What is the good example of using 'func_get_arg' in PHP?




print function arguments in php (6)

I usually use func_get_args() which is easier to use if wanting multiple arguments.

For example, to recreate PHP's max().

function max() {
   $max = -PHP_INT_MAX;
   foreach(func_get_args() as $arg) {
      if ($arg > $max) {
          $max = $arg;
      }
   }
   return $max;
}

CodePad.

Now you can do echo max(1,5,7,3) and get 7.

I just have found out that there is a function called func_get_arg in PHP which enables developer to use variant style of getting arguments. It seems to be very useful because number of argument can now be arbitrary, but I cannot think of any good example of using it.

What are the some examples of using this function to fully benefit its polymorphic characteristic?


I hardly ever use func_get_arg(), but I do use its cousin func_get_args() quite a bit. Here's one example, a function along the lines of the echo statement that entity encodes all its arguments:

function ee() {
    $args = func_get_args();
    echo implode('', array_map('htmlentities', $args));
}

I use that function quite a bit.

Here's another useful example, a function that does the same job as SQL's COALESCE() function.

function coalesce() {
    $args = func_get_args();
    foreach ($args as $arg) {
        if (!is_null($arg)) {
            return $arg;
        }
    }
    return null;
}

It returns the first non-null argument passed in, or null if there's no such argument.


As of php5.6, there isn't a use case of func_get_arg anymore; which isn't to say that its functionality isn't needed anymore, but is replaced by the variadic function using the ... syntax:

/**
 * @param array $arguments
 */
public function poit(...$arguments)
{
     foreach($arguments as $argument) {
         ...
     }
}

This is especially useful if there are methods that are overloaded at the end; one does need to filter out the first arguments anymore, as showcased by an example:

Old style using func_get_arg:

function foo($a, $b) {
    $c = array();
    if (func_num_args() > 2) {
        for($i = 0; $i < func_num_args()-2; $i++) {
            $c[] = func_get_arg($i+2);
        }
    }
    var_dump($a, $b, $c)
    // Do something
}
foo('a', 'b', 'c', 'd');

Newer variadic style;

function foo($a, $b, …$c) {
    var_dump($a, $b, $c);
    // Do something
}
foo('a', 'b', 'c', 'd');

Both foo produce the same output, one is much simpler to write.


Read the official document and found that func_get_args():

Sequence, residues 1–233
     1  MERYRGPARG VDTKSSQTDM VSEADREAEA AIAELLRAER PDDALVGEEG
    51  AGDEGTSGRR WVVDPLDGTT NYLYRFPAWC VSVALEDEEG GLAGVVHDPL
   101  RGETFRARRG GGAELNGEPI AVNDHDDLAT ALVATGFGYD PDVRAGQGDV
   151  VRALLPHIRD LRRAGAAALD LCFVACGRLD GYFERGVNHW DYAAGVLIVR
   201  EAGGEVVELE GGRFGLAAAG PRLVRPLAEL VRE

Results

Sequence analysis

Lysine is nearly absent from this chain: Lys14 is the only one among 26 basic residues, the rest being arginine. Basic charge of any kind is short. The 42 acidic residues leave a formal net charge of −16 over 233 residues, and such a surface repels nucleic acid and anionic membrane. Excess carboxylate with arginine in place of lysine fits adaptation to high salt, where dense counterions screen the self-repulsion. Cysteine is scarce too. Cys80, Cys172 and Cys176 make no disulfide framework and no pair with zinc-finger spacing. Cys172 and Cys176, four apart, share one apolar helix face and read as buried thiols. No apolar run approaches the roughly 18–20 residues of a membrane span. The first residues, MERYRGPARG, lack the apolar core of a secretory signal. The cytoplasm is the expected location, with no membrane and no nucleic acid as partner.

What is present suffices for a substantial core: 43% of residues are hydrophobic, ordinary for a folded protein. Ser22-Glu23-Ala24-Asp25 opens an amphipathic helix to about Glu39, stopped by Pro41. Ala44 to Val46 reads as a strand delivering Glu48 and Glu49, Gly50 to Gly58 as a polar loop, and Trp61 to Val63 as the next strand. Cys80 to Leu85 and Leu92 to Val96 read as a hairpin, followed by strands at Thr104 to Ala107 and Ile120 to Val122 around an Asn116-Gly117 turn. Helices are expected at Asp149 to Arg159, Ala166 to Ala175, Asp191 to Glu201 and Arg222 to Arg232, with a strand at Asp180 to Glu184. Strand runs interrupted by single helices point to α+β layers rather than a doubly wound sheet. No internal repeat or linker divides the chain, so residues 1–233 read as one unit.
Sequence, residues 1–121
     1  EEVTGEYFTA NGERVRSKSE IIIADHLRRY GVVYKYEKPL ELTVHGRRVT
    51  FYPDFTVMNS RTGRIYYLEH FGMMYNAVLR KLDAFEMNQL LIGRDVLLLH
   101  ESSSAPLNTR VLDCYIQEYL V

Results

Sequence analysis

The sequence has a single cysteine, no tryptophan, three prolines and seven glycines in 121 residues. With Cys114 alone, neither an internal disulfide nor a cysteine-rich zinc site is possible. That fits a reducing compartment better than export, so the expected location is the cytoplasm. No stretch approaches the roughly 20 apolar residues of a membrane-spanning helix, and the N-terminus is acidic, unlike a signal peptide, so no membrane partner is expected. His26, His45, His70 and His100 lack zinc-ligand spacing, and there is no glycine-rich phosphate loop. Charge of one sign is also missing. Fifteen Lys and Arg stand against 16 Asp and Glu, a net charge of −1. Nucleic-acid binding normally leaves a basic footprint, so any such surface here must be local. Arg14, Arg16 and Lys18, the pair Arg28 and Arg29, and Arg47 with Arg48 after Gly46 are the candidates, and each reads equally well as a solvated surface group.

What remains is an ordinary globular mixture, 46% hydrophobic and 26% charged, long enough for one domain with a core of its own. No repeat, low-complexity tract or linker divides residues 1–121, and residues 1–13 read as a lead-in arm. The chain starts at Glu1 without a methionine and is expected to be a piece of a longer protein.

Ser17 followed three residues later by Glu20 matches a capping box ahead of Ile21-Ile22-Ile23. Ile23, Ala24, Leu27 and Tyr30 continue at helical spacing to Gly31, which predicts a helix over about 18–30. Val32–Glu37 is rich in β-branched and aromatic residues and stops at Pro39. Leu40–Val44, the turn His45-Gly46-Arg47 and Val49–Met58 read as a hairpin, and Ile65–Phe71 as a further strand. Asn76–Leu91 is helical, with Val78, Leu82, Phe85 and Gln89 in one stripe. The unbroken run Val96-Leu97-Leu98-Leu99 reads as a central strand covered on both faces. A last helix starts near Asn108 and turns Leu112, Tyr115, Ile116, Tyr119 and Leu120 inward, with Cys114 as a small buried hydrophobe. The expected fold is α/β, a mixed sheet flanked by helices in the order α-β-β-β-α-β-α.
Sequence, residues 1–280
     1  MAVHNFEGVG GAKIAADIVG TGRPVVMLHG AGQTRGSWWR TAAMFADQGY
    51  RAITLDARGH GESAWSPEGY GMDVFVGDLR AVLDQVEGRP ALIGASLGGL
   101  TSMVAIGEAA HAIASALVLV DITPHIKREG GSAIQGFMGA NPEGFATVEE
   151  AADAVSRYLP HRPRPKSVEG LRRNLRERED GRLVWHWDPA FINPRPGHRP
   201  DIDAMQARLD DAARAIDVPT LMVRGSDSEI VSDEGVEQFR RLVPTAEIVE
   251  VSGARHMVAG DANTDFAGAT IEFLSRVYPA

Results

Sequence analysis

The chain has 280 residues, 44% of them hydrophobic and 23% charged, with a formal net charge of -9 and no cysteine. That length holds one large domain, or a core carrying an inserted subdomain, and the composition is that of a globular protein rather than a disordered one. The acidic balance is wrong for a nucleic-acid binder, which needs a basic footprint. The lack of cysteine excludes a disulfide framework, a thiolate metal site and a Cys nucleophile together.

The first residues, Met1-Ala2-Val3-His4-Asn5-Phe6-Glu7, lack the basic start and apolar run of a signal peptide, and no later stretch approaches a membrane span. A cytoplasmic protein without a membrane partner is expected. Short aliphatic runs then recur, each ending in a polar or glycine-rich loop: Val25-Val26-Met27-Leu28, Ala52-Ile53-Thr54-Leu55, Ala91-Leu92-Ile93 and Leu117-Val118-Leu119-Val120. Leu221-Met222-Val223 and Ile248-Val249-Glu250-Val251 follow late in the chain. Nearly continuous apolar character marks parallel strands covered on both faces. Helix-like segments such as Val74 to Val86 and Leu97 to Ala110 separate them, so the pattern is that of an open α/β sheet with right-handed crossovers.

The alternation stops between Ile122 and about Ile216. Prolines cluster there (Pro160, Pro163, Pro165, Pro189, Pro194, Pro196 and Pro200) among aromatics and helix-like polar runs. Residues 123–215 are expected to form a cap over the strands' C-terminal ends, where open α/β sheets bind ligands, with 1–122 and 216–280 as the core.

Gets an array of the function's argument list.

This function may be used in conjunction with func_get_arg() and func_num_args() to allow user-defined functions to accept variable-length argument lists.

<?php
        function foo()
        {
            $numargs = func_num_args();
            echo "Number of arguments: $numargs \n";
            if ($numargs >= 2) {
                echo "Second argument is: " . func_get_arg(1) . "\n";
            }
            $arg_list = func_get_args();
            for ($i = 0; $i < $numargs; $i++) {
                echo "Argument $i is: " . $arg_list[$i] . "\n";
            }
        }

        foo(1, 2, 3);
?>

First of all, you are using the term "polymorphism" totally wrong. Polymorphism is a concept in object-oriented programming, and it has nothing to do with variable number of arguments in functions.

In my experience, all func_get_args allows you to do is add a little syntactic sugar.

Think of a function that can take any number of integers and return their sum. (I 'm cheating, as this already exists in array_sum. But cheating is good if it keeps the example simple). You could do it this way:

// you can leave "array" out; I have it because we should be getting one here
function sum1(array $integers) {
    return array_sum($integers);
}

Now you would call this like so:

$sum = sum1(array(1));
$sum = sum1(array(1, 2, 3, 4));

This isn't very pretty. But we can do better:

function sum2() {
    $integers = func_get_args();
    return array_sum($integers);
}

Now you can call it like this:

$sum = sum2(1);
$sum = sum2(1, 2, 3, 4);

Personally, I don't think there is a good use case for it inside a normal function. As a control freak I like to know exactly what is being passed to my functions and I like to know exactly what I'm passing.

However, it can be use full for things like Dynamic/Static URL routing. When you are rewriting (via mod_rewrite) the URL args to a single bootstrap.

In this sense, you can have arguments that don't necessarily need to exist with every page request.







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